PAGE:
Nintendo Switch carrying case with charging would solve Nintendo's battery life problem
The Nintendo Switch's specs offer a lot to love, including a capacitive touchscreen that doesn't need a stylus, the ability to play on your TV or on-the-go and Joy-Con controllers that automatically charge when you attach them to the system. But it's not all butterflies and Rainbow Roads. The Nintendo Switch's battery life comes in at two-and-a-half to six hours of use, depending on the game. For larger games like Zelda: Breath of the Wild, you'll get just three hours of playtime per charge.
Three-hour battery life for a quick commute to work or school is fine, but it's less impressive if you're taking a road trip or flying across the country. Nonetheless, Nintendo has been pushing the Switch as a console for gaming on-the-go, even building some prop airplane seating for its hands-on event in January.
Unfortunately, it doesn't look like the Switch will actually last through most flights, but there's a simple solution that Nintendo may be ignoring: a portable battery carrying case.
Nintendo Switch carrying case with built-in battery: Now you're playing with power
Yes, the Nintendo Switch can be used with portable batteries packs that charge via USB, but this isn't quite what we mean. An official Nintendo Switch case with a built-in battery that could charge your system simply by placing the unit inside would solve everything. Unfortunately, the Hori Tough Pouch pictured above does no such thing.
A carrying case with its own battery would do nothing to increase the Switch's internal battery, but it would serve to lengthen play time — ideally by one or two entire charging cycles.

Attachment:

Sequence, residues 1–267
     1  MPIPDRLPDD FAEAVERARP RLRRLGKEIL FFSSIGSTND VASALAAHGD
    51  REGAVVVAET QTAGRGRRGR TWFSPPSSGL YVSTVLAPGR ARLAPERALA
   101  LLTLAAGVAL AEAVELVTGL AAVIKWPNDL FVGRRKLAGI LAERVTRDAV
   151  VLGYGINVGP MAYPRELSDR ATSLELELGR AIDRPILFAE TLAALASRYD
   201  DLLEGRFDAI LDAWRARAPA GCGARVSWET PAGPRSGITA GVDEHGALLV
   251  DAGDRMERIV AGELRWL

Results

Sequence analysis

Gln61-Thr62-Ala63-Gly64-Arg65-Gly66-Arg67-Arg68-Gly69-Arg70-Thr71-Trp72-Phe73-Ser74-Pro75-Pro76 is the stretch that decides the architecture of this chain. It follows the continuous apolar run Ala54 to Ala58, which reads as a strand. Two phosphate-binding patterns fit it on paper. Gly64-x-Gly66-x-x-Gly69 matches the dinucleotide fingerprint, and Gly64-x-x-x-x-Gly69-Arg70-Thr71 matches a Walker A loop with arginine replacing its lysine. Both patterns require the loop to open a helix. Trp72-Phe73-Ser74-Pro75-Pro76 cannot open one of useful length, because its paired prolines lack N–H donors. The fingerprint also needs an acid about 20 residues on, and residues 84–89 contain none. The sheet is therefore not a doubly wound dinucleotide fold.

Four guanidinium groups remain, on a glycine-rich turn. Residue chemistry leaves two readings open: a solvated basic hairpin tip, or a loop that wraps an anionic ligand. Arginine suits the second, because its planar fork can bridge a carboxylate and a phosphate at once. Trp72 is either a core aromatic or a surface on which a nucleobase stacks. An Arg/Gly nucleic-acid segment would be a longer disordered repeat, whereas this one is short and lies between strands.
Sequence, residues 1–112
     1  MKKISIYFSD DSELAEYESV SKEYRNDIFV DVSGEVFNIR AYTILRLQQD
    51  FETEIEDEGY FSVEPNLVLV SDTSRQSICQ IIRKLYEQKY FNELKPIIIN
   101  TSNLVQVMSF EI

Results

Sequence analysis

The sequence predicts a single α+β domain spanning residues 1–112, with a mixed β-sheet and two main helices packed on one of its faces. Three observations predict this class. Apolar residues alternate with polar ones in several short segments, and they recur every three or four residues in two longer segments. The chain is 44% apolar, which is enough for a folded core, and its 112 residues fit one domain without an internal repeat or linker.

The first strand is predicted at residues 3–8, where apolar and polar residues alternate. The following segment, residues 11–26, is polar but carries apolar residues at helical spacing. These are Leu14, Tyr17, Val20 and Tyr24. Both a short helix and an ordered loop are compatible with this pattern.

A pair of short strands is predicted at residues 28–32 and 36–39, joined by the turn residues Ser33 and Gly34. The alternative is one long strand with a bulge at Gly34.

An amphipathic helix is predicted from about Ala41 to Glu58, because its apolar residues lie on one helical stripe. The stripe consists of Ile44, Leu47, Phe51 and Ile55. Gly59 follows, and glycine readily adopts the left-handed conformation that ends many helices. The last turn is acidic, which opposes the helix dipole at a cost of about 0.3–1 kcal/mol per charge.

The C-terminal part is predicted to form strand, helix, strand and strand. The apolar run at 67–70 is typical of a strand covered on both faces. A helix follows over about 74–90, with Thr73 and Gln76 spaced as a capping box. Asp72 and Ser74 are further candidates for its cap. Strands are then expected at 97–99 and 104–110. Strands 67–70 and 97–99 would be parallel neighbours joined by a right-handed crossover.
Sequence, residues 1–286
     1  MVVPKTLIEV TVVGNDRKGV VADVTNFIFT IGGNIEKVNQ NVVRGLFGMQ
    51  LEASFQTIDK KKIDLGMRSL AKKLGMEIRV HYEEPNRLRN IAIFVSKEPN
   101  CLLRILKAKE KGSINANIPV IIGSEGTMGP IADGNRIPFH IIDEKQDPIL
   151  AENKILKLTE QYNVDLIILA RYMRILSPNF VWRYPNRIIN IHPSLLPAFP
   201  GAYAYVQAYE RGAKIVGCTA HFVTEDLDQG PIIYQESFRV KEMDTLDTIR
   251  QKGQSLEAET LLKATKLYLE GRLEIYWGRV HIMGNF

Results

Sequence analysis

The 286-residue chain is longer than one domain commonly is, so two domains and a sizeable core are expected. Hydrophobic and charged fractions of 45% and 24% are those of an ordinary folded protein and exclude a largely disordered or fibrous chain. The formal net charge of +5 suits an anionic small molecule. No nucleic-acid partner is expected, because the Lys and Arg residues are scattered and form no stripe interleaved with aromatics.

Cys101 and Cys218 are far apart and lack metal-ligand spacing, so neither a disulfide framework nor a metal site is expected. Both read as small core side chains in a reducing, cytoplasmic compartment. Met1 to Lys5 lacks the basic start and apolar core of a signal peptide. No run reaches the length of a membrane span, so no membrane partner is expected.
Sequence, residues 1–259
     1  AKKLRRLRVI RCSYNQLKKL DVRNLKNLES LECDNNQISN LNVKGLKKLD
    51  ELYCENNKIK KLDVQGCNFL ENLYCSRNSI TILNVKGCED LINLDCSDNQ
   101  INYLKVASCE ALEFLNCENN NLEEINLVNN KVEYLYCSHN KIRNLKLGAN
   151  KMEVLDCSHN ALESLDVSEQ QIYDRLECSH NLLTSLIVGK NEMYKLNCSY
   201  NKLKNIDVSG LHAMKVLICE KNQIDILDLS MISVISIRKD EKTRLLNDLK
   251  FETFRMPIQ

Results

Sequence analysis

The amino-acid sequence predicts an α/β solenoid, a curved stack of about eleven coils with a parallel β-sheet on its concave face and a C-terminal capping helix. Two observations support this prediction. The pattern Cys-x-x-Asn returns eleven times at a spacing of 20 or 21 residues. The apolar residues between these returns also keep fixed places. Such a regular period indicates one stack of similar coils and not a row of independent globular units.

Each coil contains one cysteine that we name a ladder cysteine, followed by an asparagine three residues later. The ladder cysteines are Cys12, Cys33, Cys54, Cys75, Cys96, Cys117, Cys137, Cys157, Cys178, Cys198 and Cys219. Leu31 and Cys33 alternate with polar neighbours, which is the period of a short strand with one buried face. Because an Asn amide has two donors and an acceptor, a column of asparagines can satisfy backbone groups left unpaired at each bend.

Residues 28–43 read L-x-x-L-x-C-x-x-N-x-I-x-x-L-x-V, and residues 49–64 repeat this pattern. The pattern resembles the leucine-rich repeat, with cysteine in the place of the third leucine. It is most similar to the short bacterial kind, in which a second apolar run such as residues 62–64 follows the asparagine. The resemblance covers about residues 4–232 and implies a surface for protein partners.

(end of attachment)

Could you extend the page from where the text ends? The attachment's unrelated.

Battery cases are also a popular trend across the consumer tech industry. Snapchat Spectacles come with a glasses case that charges the eyewear automatically when placed inside. Even though the glasses themselves pack a pretty small battery, the case extends battery life significantly.
Nintendo Switch carrying case: Inductive charging would be better than dumb old cords
Apple offers a similar solution for its wireless earbuds, the AirPods. The included case makes use of inductive charging. Instead of attaching a cable to each individual earbud, sliding the earphone into its slot is enough to move power from the case to the headphone. Similarly, inductive charging in a Nintendo Switch case would mean you'd simply place the console in the case to begin charging instead of needing to deal with plugs and cords.
Being able to quickly place your Switch in its case and know that it was charging would alleviate any worries of mediocre battery life. Even if you forgot to charge at home, you could still bring your Switch with you, knowing that the carrying case had juice to power it back up.
Plenty of other companies beyond Apple and Snapchat use a similar solution, including Samsung's Gear Icon X to Doppler Labs' Here Ones. So why not Nintendo? If the company wants to quell battery concerns once and for all, this is the way to do it.
More Nintendo Switch games, news and coverage
Looking for more Nintendo Switch news? Check out our comparison photos sizing up the Switch to the Wii U GamePad (part one and part two). Then take a look at a leaked video of the Nintendo Switch menu interface and dark mode features.
If you're just getting caught up, here's everything you need to know about the console's price, release date, preorders, battery life and our hands-on review. And if you're interested in the Nintendo Switch's games, here's info on the new Super Mario Odyssey, Legend of Zelda: Breath of the Wild, Splatoon 2, Xenoblade Chronicles 2, 1-2-Switch and the goofy boxing game Arms.